"Show us the proof." That's what some Lehigh Valley Syrians said after President Obama laid out his case for military strikes against Syria Tuesday night.
The Lehigh Valley is home to at least 15,000 Syrians, most of whom are Christians who support the Assad regime.
Around 35 of them gathered at the Syrian American Society in Catasauqua. Most hoped to hear talk of a diplomatic solution.
"We're hoping to hear tonight the cooperation with the Russians about the chemical weapons and the solution of the WMD," said society president Aziz Wehbey.
"Hopefully, he will go with the international community and say, 'No, we're going to solve this amicably,'" added Pastor Moufie Khoury of Allentown's First Presbyterian Church.
Most in the group acknowledged that chemical attacks have happened in their homeland, but they blame rebels fighting Assad.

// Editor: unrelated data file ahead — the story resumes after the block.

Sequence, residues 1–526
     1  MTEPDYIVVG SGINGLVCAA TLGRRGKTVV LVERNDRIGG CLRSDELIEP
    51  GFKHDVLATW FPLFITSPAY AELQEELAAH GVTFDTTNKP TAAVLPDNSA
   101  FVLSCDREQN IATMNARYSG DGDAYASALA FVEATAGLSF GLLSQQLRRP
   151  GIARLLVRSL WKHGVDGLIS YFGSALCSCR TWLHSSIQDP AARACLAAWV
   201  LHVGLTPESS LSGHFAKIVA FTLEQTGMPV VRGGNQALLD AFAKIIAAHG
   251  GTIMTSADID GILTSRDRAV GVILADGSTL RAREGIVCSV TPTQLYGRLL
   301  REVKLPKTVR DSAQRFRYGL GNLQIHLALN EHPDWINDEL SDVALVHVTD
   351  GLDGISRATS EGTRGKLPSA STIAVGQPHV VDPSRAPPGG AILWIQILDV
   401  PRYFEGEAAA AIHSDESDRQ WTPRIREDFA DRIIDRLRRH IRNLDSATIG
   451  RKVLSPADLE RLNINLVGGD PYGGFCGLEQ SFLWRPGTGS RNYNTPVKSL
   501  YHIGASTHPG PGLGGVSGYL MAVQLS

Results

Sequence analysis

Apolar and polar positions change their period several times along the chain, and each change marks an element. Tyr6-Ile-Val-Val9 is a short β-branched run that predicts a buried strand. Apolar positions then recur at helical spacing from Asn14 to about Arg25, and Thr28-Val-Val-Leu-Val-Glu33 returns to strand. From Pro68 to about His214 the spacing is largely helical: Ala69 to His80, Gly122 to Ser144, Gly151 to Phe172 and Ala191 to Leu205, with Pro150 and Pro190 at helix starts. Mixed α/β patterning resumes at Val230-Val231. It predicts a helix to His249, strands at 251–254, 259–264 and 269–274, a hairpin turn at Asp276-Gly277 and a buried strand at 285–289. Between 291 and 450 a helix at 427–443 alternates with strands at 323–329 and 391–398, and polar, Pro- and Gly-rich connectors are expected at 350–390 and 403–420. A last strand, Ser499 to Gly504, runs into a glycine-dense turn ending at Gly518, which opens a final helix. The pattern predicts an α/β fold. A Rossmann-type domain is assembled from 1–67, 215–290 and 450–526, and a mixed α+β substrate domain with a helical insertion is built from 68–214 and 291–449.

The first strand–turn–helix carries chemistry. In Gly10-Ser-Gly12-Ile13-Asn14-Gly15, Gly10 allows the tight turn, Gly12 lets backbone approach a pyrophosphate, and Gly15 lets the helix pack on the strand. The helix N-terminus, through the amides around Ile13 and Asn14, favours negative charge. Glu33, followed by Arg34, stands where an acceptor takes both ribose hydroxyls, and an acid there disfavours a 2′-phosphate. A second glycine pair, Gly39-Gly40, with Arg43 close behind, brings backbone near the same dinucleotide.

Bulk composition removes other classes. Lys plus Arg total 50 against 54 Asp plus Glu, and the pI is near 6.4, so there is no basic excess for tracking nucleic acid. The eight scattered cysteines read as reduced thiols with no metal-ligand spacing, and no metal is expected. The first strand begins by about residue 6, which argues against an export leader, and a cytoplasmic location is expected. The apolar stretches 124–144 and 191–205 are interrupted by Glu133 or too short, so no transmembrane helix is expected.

"These things happened; the facts cannot be denied," said President Barack Obama. "The question now is, what the United States of America and the international community is prepared to do about it?"
Obama said he will wait for U.N. inspectors to issue a report on who they believe is responsible for the gas attacks. He will also wait to see if Assad gives up control of his chemical arsenal, as the regime has reportedly promised Russia.
"I believe the Syrian government will cooperate," said Weybey.
The President also insisted he is not looking to remove Assad, something many Syrians here fear because his regime has tolerated Christians.
"I don't think the United States wants to remove another dictator by force," the President said. "We learned from Iraq that doing so makes us responsible for all that comes next."
Tuesday night, Mr. Obama said U.S. intelligence shows Assad's Army arming and launching sarin gas rockets toward 11 rebel strongholds, but he did not offer concrete evidence.
"He said that chemical weapons were used, but there is no proof who used them," said Khoury. "The international community is saying, 'No, it wasn't Assad; it was the rebels.' Give us proof."